MC:  The living with addiction as a child and being brought up by the hand of great women.  My experience growing up during the Civil Rights movement and seeing people scarred by racism, class battle, and language-literal religious fundamentalism — all this makes a mark on She-Rain as well.  She-Rain draws its breath, also, from old family stories — and a few I’ve heard from friends, including the living octagenarian minister who inspired Rev. Lew.   I believe every writer draws story through the prism of someone’s experience, then casts that experience around.  When you read of Rev Lew in She-Rain, for example, I pledge you’ll share my experience of unstoppable laughter.  I owe that not to myself but to that man I’m blessed to know.

MA:  You mentioned plans to write beyond She-Rain.  What comes next?

MC:  I’ve started another novel — The Belles of Honeysuckle Road — and am completing a non-fiction piece — Raise the Haze — taken from my experience covering the seismic impact of so-called ordinary people.  Doing my job is a schooling in extraordinary humanity.  My work as an inspirational speaker finds its way into Raise the Haze, and I hope it inspires in its audience a belief in the seismic nature of a life live far beyond its place and time.  A life committed to the improvement of other lives.  It’s about the legacy we see in the likes of Herb Kelleher, Richard Branson, Mother Theresa, Billy Graham — though the people I speak about are anti-celebrities.  Utterly anonymous in the current media age.  Yet the difference I’ve seen them make has a way of elevating an audience at the heart level.  Inspiring people to live up to a hidden greatness within.  It’s about leadership toward a legacy that will improve lives long after the breeze of our final breath.  I’m working Raise the Haze with a terrific co-writer in London, Chris Dines — a great young man who’s a living symbol of heroic giving of the self.  In a world of sometimes flimsy life coaching and prosperity theology, Chris is a breath of real hope.  We don’t quite know what we’ll do with the book yet, but we’re heartened by our reviews!

MA:  That’s an entirely new and different project, and one that also sounds as inspiring as She-Rain.  But with so many colorful characters in She-Rain, is there any chance you will return to them and continue their stories in future books?

MC:  My wife, Jill, vows I will write a sequel.  When you get to the end of She-Rain, I invite you to tell me if you’d like me to fulfill this vow.  I believe in being a writer deeply connected with readers.  I want to hear from you.  Please, get in touch.  I work in television, which means it’s impossible to hurt my feelings!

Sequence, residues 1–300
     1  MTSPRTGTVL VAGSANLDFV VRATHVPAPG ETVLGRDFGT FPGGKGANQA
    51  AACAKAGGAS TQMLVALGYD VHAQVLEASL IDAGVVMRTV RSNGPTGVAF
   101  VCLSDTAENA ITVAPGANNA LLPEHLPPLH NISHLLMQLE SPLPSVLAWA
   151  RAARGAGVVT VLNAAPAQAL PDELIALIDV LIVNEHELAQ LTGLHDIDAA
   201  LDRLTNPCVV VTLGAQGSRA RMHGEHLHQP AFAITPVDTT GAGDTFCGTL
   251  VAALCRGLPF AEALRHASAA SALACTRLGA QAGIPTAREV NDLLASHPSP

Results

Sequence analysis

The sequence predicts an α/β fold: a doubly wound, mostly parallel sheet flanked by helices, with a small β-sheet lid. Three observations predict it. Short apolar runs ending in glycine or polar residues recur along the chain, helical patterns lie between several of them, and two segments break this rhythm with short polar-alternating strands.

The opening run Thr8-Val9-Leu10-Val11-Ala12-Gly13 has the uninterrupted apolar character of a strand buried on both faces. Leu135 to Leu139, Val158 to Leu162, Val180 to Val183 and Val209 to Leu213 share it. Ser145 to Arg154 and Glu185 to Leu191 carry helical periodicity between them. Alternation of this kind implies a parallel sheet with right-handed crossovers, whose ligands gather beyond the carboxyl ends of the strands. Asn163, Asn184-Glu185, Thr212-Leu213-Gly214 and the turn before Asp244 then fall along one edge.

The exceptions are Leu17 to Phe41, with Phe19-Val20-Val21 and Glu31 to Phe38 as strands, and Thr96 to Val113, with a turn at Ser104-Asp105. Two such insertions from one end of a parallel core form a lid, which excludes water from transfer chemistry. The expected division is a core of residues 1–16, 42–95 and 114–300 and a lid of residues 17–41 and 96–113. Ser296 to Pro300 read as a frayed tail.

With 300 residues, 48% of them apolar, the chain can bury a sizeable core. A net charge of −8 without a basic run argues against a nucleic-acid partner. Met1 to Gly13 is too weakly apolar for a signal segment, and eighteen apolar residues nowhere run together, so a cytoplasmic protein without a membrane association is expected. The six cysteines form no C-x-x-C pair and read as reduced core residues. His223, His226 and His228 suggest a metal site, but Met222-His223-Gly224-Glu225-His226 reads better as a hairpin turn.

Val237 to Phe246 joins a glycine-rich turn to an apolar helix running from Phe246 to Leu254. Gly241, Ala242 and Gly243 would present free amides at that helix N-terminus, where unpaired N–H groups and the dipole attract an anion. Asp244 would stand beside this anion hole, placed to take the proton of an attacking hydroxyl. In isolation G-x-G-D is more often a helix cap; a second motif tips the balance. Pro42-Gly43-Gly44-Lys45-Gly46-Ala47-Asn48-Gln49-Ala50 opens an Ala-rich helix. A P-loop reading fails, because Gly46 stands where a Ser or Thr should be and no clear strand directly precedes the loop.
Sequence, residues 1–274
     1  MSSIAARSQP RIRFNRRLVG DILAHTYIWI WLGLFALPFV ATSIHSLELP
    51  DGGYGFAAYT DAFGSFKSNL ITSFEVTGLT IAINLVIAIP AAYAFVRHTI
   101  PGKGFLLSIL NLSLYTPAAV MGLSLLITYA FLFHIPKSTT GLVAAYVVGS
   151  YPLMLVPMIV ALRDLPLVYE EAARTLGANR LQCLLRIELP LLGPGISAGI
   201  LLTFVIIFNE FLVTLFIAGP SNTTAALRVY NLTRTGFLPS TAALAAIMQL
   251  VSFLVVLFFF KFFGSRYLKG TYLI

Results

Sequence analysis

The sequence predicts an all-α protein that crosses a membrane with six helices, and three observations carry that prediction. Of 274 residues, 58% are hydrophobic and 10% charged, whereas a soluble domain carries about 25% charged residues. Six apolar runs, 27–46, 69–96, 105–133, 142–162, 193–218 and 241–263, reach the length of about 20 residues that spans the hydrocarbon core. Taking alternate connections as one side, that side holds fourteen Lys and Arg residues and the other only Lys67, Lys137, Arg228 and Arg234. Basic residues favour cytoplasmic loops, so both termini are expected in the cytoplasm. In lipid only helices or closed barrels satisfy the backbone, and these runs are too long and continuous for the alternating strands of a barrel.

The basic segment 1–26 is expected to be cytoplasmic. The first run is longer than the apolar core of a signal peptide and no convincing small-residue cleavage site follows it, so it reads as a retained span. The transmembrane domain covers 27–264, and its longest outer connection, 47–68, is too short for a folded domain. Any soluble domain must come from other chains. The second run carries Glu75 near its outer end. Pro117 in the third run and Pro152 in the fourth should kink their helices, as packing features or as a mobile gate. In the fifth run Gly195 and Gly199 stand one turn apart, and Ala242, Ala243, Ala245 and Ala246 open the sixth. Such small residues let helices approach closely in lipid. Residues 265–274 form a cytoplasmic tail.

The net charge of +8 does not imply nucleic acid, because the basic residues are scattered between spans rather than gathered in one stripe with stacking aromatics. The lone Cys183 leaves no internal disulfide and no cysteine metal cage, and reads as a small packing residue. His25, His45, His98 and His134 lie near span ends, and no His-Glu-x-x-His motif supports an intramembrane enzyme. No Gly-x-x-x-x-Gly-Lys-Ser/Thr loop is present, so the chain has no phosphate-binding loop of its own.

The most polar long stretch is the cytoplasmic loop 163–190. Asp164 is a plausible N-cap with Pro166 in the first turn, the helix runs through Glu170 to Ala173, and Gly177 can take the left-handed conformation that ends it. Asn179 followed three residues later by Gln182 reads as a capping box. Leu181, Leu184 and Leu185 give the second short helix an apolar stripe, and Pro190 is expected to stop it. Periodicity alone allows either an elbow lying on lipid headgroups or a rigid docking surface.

MA:  Michael, I have to tell you that speaking with you has been inspiring.  Just getting some hints and flashes of She-Rain has been uplifting.  I read the sample pages of She-Rain that you posted on your blog and found just this snippet to be engaging.  There’s no doubt you have a bestseller on your hands.  I invite my readers to visit Michael Cogdill’s blog for more information about him and She-Rain: http://she-rain.blogspot.com/

I’ve also done something for Michael that I’ve not done for any other author I’ve had guest with me on the Child Finder Trilogy.  I’ve created a separate post dedicated to She-Rain that includes its synopsis, reviews, and more information about this special author.  Please visit it here:  She-Rain Dossier

Michael, thanks again for stopping by to visit with me and my readers.

About Mike Angley

Mike Angley is the award-winning author of the Child Finder Trilogy. He retired as a Colonel from the Air Force in 2007 following a 25-year career as a Special Agent with the Office of Special Investigations (OSI). He held 13 different assignments throughout the world, among which were five tours as a Commander of various units, to include two Air Force Squadrons and a Wing. He is a seasoned criminal investigator and a counterintelligence and counterterrorism specialist. In his last assignment, he was Commander of OSI Region 8 with responsibility for all of Air Force Space Command. He’s fond of saying, “If it entered or exited Earth’s atmosphere, I had a dog in the fight!”